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16th Century Miniature Boxwood Carvings That Fit in the Palm of Your Hand

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  • #16
    I kept looking at them, again, and again, and still wonder to myself
    what a 'fantastic' job of 'carving art'!
    Oscar

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    • #17
      Originally posted by jderijcke View Post
      hi
      an exposition with this subject will start soon in Amsterdam (Rijksmuseum). See link to an announcement on public TV in Flanders. Images speak for themselves if you don't understand dutch:
      HI
      I went to see that exposition in Amsterdam. EXCEPTIONNAL! FABULOUS!
      In the catalogue I found this reference. You can see the collection in detail :
      Explore stunning gothic boxwood miniature carvings that have captured the imaginations of their owners and viewers for almost 500 years. This resource presents every known example of these carvings, documented with stunning new photography that allows...
      Jos
      Belgium

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      • #18
        I'm bringing this back to life since I found one that is a bit more interesting.

        https://www.youtube.com/watch?v=WGyBfIORzgE

        Bob L

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        • #19
          Bob, thank you for posting that...it is an amazing piece of work.
          Arthur

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          • #20
            Wow. Quite some doodad!
            HonketyHank toot toot

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            • #21
              Such detail this is beyond amazing. Is almost unbelievable. Incredible work.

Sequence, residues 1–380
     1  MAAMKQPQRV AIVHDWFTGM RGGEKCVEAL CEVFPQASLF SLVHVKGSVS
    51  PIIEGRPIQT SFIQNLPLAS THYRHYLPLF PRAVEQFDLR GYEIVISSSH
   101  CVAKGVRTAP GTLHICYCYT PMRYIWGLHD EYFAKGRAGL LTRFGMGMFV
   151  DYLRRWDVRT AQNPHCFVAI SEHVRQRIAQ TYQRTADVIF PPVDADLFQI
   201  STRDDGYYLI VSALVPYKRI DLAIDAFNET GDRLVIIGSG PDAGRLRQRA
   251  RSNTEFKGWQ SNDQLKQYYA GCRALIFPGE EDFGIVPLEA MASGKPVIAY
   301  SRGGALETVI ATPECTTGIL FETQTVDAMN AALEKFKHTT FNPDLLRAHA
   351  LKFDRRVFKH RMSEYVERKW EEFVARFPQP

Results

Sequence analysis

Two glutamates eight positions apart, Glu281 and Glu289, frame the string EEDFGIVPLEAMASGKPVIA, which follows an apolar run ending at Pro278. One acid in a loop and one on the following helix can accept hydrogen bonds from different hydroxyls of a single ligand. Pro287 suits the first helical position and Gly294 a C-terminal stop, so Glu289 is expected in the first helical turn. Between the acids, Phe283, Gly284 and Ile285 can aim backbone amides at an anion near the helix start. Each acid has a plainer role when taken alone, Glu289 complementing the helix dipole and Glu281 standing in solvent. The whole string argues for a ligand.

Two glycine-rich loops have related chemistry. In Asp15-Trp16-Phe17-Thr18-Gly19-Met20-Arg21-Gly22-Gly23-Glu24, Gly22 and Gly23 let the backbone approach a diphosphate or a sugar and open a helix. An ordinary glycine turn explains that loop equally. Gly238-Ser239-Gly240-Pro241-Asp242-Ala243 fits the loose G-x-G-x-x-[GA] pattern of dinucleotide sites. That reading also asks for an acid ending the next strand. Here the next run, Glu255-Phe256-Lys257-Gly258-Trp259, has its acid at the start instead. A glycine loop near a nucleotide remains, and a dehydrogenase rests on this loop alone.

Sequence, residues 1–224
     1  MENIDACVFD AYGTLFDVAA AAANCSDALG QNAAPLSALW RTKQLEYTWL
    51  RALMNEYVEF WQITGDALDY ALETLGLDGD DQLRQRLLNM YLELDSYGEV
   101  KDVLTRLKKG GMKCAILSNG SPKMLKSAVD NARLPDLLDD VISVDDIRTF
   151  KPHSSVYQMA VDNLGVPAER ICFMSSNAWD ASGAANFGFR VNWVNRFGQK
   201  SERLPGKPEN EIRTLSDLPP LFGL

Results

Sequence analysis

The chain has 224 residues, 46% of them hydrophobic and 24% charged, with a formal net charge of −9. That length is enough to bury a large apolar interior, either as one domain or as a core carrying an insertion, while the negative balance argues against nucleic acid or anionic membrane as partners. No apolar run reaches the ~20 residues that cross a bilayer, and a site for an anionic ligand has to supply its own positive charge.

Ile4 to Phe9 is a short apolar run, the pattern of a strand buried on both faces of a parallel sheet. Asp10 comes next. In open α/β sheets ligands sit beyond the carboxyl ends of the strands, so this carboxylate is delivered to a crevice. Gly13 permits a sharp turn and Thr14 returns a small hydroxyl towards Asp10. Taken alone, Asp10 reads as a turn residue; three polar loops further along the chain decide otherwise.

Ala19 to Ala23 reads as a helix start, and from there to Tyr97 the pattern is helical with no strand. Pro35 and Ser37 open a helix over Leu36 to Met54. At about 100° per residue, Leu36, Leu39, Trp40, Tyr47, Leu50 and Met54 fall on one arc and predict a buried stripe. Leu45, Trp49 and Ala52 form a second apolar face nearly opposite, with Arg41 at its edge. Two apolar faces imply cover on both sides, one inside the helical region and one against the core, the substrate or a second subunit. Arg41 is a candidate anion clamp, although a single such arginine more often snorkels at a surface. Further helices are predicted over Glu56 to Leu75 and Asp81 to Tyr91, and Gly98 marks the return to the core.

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              • #22
                I did a cigar store Indian under a magnifying glass back in the 90s..a lil over an inch tall.I won't try that again.I can't imagine something with as much detail as I see here.

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                • #23
                  There is a tribe of carvers using carpenter's graphite pencils as carving media.
                  One was from the UK, had been a member here with stunning accomplishments
                  that we saw, pre-hack.
                  A child's "Primary Printer" is a large, easily grasped, first pencil for learning to print and write.
                  Those leads are suitable as well.
                  Brian T

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                  • #24
                    Incredible work!!!!

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                    • #25
                      I hate to think of the hours that went into making that piece, The detail is just out of this world. I just can't imagine how they got such fine detail. Think it must be very hard wood. I don't think I could come close to doing it with modern tools. Then ask your self how they did it with the tools of the day.

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                      • #26
                        European Boxwood has a Janka Hardness of 2840; osage orange is 2620 and Mesquite is 2340, so definitely a HARD wood.

                        ...and they did these carvings without power tools!!!

                        Claude
                        My FaceBook Page: https://www.facebook.com/ClaudesWoodCarving/
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                        My ETSY Shop: https://www.etsy.com/shop/ClaudesWoodcarving

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                        • #27
                          16th Century means that these were done in the 1500's. Imagine the little flakes of iron that would have been designed for this work. And the precise sharpening needed. I find it hard to imagine the motivation for such delicacy.
                          Brian T

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                          • #28
                            The dating would place this work very close to when Grinling Gibbons was doing his amazing floral, musical instrument, bird & animal works. We don't have examples of his tools either.

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